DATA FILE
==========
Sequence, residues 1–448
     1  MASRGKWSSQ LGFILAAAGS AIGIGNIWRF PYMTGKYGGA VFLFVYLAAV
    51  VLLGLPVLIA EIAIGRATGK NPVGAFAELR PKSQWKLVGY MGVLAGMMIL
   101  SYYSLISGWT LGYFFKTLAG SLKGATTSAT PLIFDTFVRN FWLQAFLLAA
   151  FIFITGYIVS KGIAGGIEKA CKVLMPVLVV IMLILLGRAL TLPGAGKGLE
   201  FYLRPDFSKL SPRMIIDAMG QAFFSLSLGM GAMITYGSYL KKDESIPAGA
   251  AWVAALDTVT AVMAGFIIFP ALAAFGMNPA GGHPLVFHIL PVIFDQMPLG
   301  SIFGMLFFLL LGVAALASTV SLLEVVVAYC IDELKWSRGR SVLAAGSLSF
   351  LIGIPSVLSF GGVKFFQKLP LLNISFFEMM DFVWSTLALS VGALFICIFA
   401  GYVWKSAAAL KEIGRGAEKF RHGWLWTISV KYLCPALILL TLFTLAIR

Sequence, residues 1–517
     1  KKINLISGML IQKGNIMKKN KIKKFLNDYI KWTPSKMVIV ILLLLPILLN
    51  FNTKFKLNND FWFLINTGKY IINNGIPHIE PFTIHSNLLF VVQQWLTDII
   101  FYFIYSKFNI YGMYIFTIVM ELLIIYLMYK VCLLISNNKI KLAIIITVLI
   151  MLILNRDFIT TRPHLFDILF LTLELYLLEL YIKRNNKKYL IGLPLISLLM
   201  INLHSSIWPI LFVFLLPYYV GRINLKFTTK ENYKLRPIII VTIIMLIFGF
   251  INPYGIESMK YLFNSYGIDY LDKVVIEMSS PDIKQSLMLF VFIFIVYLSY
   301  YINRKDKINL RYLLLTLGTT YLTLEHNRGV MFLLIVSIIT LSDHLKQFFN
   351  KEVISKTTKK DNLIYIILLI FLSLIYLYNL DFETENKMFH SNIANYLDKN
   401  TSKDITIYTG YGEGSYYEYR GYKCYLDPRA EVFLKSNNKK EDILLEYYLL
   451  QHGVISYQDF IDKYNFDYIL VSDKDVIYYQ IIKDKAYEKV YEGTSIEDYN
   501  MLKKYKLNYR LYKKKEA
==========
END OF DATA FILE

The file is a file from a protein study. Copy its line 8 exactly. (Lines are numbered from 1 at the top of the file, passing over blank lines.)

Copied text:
   301  SIFGMLFFLL LGVAALASTV SLLEVVVAYC IDELKWSRGR SVLAAGSLSF